When President Donald Trump took office, many expected him to usher in a new “independent” U.S. foreign policy, breaking the bridges forged by President Obama to multi-national organizations and significantly shifting the direction of American statecraft.
That hasn’t happened.
This Independence Day, hardly anyone argues anymore that the new administration is seeking independence from international institutions or binding treaties. Indeed, the U.S. has been forward-leaning on the global stage—reassuring NATO; broadly engaging in the Middle East; laying out new initiatives in Latin America; renegotiating, not scrapping NAFTA; talking tough on North Korea; sparring with China; embracing India; and redoubling efforts in Afghanistan.
Critics now complain that Trump is decoupling the U.S. from the post-World War II liberal order, the network of international institutions that fostered globalization. At least philosophically, there is no question that Trump and Obama come at foreign policy from opposite perspectives. Obama was a structuralist who believed that the keys to peace and prosperity are global institutions that normalize the behavior of states. Trump, on the other hand, is a realist. The sitting president holds that nation-states are the coin of the realm, the real power in the global order.
But in practice, the kid from Chicago and businessman from the Big Apple are less far apart than their rhetoric suggests.
For starters, the Constitution still binds the left and right. It still limits what presidents can do overseas, both through specified and imposed powers given to the executive branch, and the separation of powers that gives both the courts and Congress some say in what America does in the world.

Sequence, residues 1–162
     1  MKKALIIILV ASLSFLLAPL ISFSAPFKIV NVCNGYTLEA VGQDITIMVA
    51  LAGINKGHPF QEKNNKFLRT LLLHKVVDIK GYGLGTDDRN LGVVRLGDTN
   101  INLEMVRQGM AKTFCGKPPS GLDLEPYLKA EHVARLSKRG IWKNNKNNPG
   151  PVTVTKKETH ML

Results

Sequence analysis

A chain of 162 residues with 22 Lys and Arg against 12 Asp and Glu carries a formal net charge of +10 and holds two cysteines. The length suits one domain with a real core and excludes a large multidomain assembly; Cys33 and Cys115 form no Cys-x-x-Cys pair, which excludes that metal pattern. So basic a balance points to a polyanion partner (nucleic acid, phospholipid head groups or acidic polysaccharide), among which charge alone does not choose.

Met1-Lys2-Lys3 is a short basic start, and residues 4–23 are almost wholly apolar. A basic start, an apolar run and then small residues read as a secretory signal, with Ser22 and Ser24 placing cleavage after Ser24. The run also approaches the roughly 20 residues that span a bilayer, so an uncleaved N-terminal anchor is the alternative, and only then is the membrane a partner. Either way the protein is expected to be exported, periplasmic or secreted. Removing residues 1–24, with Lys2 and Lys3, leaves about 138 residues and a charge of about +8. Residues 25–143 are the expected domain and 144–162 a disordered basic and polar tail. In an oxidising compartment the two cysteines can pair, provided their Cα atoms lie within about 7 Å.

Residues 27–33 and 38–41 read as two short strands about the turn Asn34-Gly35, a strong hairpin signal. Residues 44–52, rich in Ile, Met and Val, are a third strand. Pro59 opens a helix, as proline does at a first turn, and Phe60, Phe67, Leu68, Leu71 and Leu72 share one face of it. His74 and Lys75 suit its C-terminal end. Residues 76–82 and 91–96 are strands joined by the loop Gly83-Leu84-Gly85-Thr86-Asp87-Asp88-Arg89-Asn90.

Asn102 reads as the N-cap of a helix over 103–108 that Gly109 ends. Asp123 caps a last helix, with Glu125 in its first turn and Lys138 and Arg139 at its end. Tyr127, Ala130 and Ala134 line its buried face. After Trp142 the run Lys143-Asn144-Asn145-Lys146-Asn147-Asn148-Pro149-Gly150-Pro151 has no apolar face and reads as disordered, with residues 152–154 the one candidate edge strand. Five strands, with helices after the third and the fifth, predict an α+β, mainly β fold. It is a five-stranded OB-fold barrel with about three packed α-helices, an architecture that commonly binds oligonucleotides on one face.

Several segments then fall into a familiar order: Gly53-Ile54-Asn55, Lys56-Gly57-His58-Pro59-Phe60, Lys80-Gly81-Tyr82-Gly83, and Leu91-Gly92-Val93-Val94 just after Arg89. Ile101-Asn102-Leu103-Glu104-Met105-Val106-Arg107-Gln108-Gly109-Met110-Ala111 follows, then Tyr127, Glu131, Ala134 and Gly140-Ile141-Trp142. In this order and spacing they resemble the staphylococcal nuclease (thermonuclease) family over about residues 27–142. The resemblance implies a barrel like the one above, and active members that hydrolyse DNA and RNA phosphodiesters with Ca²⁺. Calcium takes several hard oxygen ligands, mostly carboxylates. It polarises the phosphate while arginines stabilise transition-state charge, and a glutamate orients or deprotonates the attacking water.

In addition, regardless of their politics, presidents get elected to protect the nation’s interests. Those interests don’t change dramatically unless the world dramatically changes. That’s why U.S. foreign policy always has more continuity than change from one administration to the next.
Further, presidents are hardly purists. Obama had a predilection for multi-nationalism, but he was perfectly willing to go his own way when he thought it suited U.S. policy. Likewise, Trump has no prohibitions against a multi-national approach. U.S. commitment to NATO is as strong as ever. Rather than pulling out of the United Nations, the U.S. has been proactive in its leadership role. Trump went to the G7, and he’s going to the G20 and ASEAN summit.
There are still distinct differences between Trump and Obama. Some are mostly stylistic. The Paris climate accord is a case in point. Obama committed to it because it fit his politics, not because it really moved the ball on dealing with climate change. Trump pulled out because he didn’t care about a symbolic commitment. Neither president’s choice tells us much about the real exercise of American power in the world.
Other differences are more substantive. Obama’s instinct was to make a deal and then use the deal and multi-national instruments to normalize the behavior of adversarial states. That was the plan with the Russian reset and New START treaty, chemical weapons accord with Assad, and Iran nuclear deal. Trump’s instincts are to take action where there is a clear deliverable to U.S. interests on the front end, not trust the global order to tutor good behavior on the backside.
However, to portray these differences of statecraft as moving from interdependence to independence—an unmooring of the U.S. from the liberal world order—is a profound oversimplification. In practice, Trump will be seen using different approaches to solving America and the world’s problems—sometimes acting unilaterally, but mostly working with friends and allies, and often through multi-national institutions.
Trump will certainly in the end have different policies. He may in the end produce different outcomes. But, in the final judgment, it may be far more difficult to differentiate between interdependent and independent foreign policies than the current raging controversy over Trump’s international leadership suggests.
James Jay Carafano is vice president of the Heritage Foundation and directs the think tank’s research on foreign relations and national security issues.